Worrying about the creditworthiness of a small nation like Cyprus just feels so February and March now. Don’t tell that to Fitch Ratings today. The credit ratings agency has now downgraded Cyprus’s Long-term foreign currency Issuer Default Rating to ‘B-‘ from ‘B.’ Fitch also cut the local currency Issuer Default Rating to ‘CCC’ from ‘B’.
The Rating Watch Negative outlook on both ratings has been removed. The Short-term foreign currency IDR and the Country Ceiling have been affirmed at ‘B’. Again, this feels like a worry that would have mattered back in February and March, and maybe even in April.
The downgrades today reflects the elevated uncertainty around the outlook for the Cypriot economy based upon high implementation risks of the terms as well as the restructuring of the banking industry. While the liquidity and solvency have been raised, Cyprus is show to have no real flexibility to deal with domestic or external shocks. There is also believed to be a high risk of the program going off track.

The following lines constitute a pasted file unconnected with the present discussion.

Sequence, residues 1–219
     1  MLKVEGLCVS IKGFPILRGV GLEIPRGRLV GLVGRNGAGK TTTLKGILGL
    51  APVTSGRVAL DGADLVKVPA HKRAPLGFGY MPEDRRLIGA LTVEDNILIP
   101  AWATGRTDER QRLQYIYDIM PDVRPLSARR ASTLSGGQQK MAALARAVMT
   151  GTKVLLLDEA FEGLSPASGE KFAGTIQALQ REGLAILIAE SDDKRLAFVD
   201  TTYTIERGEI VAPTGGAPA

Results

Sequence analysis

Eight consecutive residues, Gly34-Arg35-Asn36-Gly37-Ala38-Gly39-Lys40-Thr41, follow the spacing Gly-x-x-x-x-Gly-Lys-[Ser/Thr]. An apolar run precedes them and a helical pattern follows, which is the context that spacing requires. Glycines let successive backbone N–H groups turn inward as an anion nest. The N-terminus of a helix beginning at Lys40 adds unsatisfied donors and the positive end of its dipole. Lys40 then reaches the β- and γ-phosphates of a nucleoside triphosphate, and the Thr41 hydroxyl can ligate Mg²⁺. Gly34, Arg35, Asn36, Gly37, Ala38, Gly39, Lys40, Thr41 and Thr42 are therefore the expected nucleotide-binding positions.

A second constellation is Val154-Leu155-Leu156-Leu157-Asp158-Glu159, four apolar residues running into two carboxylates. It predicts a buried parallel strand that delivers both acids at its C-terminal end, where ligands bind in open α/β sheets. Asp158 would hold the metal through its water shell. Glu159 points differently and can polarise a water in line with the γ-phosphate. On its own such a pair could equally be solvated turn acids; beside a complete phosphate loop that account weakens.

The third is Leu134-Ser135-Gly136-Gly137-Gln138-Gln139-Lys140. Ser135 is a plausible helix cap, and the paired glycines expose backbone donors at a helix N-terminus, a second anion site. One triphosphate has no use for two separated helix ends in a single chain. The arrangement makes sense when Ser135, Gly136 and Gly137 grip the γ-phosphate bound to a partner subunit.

Fitch expects that the public debt should peak above the 126% of GDP by 2015 and it has little visibility of Cyprus transforming its economy successfully away from sectors associated with the shrinking financial sector. A further 4.7% of additional measures are unidentified and will be needed to hit the 4% of GDP target for the primary fiscal balance by 2018. Revenue generation is also considered as uncertain.
Fitch said, “The downgrades of the Long-term foreign and local currency IDRs reflect the resolution of the RWN assigned to the ratings on 26 March 2013. At that time Fitch stated that it would resolve the RWN once details of the EU/IMF program had been agreed and also made public, taking into consideration the official parameters and the credibility of the assumptions, including those on the economic and fiscal outlook and terms of financing and fiscal sources and uses.”
Again, this call is one which we would not expect to have any serious ramifications for Cyprus and the peripheral woes in Europe from the PIIGS nations.